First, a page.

Hitchcock's The Manxman: Recently Restored Silent Drama With Live Musical Accompaniment
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The last date listed for Hitchcock's The Manxman was Saturday July 13, 2013 / 5:30pm.
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You don't have to fly off to London to see one of the National Theatre's most acclaimed recent works. As part of the ongoing NTLive series, where the renowned theater company's productions are rebroadcast around the world, you'll see the beautiful and imaginative stage adaptation of The Curious Incident of the Dog in the Night-Time. This big screen version gives you a sneak preview of the play before the live version opens on Broadway next season. In the hands of the National Theatre, Mark Haddon's celebrated novel comes to life in an exceptionally heartfelt production. The story follows the fascinating story of Christopher, a 15-year-old living with autism and struggling with the subtle yet powerful effects of a divorce that he cannot comprehend. One night, Christopher finds himself suspected of a heinous crime. Though he avoids and detests human contact, he uses his keen analytical mind to attempt a solution to the mystery and clear his name, even though he's been strictly forbidden by his father to do so. What follows is a harrowing journey that upturns his world and exposes him to the emotional dimensions that he fears so much. Learn More
More about the restoration:
The restoration of Alfred Hitchcock’s silent films has been the biggest and most complex restoration project undertaken by the BFI National Archive to date. Decades of damage and wear have been removed; the sharpness of the images improved; new shots discovered and intertitles and tinting restored. The BFI has used elements borrowed from seven international archives in the restoration process, but film materials from the BFI National Archive–including a number of original negatives–have been central to the project. Hitchcock’s silent films are essential to an understanding of his later work and these restorations now enable them to be seen afresh and discovered by new audiences across the world.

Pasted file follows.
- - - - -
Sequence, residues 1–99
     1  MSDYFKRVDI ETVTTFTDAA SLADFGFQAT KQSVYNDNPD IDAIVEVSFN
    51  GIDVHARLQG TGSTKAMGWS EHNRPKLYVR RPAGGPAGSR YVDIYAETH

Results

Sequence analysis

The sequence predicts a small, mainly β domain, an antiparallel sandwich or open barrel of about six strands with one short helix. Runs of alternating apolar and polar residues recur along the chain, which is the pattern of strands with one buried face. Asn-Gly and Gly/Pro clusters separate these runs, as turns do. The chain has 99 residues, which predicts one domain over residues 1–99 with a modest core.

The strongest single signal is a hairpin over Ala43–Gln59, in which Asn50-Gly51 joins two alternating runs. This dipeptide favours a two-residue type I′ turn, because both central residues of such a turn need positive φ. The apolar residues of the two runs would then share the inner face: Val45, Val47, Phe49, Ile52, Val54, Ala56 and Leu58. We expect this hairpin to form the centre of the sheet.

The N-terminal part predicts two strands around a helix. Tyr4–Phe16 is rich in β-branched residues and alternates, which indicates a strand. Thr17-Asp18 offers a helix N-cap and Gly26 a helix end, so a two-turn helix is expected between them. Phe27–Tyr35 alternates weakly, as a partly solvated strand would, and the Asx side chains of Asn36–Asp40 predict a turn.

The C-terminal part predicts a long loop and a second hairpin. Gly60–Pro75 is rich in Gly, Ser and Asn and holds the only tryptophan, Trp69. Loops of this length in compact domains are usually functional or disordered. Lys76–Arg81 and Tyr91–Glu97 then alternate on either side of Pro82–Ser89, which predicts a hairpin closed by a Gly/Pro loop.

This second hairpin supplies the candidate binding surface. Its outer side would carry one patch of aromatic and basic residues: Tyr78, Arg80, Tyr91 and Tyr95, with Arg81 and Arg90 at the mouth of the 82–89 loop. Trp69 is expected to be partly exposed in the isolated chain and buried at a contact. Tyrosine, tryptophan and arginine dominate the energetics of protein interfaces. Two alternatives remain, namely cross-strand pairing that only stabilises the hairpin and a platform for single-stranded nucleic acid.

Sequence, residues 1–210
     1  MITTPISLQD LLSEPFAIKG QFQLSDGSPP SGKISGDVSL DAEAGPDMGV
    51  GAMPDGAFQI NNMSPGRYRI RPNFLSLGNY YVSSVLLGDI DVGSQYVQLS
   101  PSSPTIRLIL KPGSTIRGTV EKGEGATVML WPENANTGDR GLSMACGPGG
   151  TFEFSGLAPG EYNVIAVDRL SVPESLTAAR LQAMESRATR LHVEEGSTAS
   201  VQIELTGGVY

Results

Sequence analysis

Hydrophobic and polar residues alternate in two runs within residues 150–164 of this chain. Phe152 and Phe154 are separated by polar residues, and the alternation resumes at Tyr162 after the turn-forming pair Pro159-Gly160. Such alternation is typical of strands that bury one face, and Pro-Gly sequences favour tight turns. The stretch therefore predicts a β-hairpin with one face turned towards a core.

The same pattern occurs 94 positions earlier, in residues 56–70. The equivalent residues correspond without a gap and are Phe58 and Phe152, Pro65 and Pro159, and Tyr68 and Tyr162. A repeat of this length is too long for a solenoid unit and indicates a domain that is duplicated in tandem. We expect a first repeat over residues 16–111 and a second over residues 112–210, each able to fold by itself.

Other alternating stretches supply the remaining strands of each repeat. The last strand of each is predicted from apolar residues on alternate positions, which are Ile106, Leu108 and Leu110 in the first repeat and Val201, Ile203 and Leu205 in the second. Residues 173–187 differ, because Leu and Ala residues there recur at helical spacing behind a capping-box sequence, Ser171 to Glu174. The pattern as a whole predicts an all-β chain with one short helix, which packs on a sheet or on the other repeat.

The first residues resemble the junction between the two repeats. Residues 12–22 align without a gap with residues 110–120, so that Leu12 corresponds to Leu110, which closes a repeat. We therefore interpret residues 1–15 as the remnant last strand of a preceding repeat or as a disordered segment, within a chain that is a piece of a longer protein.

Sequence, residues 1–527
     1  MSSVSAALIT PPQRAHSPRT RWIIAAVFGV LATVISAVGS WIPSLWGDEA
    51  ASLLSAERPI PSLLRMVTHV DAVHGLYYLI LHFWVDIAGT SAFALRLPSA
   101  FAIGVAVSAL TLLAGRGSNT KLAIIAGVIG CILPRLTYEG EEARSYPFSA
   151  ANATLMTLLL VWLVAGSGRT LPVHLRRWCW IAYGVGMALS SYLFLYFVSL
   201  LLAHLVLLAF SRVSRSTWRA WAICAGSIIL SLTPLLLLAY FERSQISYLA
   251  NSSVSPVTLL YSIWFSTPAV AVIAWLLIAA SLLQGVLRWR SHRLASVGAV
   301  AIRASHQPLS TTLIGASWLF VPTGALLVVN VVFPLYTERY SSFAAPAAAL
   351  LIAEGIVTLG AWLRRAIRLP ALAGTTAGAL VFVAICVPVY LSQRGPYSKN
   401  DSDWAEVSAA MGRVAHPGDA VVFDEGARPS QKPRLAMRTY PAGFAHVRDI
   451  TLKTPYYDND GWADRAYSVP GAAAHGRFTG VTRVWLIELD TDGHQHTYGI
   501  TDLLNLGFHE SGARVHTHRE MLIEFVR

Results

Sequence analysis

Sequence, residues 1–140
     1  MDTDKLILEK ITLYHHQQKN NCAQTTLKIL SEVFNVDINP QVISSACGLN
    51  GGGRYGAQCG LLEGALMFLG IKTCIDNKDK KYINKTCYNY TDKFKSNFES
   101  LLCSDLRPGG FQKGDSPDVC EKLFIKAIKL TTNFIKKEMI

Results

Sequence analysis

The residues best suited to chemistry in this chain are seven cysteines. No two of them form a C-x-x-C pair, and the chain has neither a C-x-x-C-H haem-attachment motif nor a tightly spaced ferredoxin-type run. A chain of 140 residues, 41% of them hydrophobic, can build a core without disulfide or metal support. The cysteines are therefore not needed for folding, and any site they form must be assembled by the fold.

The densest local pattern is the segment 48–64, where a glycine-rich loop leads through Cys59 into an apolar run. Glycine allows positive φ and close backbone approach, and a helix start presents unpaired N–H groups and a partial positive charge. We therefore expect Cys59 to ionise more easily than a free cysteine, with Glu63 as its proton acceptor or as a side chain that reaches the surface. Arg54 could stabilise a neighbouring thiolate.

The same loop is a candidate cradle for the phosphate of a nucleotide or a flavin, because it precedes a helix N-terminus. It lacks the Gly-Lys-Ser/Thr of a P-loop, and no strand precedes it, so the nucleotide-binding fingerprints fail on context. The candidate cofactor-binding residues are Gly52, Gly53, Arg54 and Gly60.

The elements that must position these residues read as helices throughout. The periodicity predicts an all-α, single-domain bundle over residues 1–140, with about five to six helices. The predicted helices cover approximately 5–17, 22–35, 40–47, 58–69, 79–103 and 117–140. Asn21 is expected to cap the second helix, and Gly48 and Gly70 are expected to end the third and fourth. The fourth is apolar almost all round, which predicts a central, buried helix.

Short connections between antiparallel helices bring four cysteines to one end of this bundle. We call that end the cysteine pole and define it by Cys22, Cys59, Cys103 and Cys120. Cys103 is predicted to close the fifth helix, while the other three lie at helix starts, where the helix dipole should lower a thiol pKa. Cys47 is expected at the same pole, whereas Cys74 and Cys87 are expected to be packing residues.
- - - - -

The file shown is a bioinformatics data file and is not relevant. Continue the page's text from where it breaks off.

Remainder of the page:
*About Stephen Horne:
*Based at London’s BFI Southbank, but playing at all the major UK venues and many international film festivals and cinematheques, Stephen Horne has long been considered one of the world’s leading silent film accompanists. He has recorded music for DVD releases, BBC TV screenings and museum installations of silent films. Although principally a pianist, he often incorporates flute, accordion and keyboards into his performances, sometimes simultaneously. For more information, visit stephenhorne.co.uk.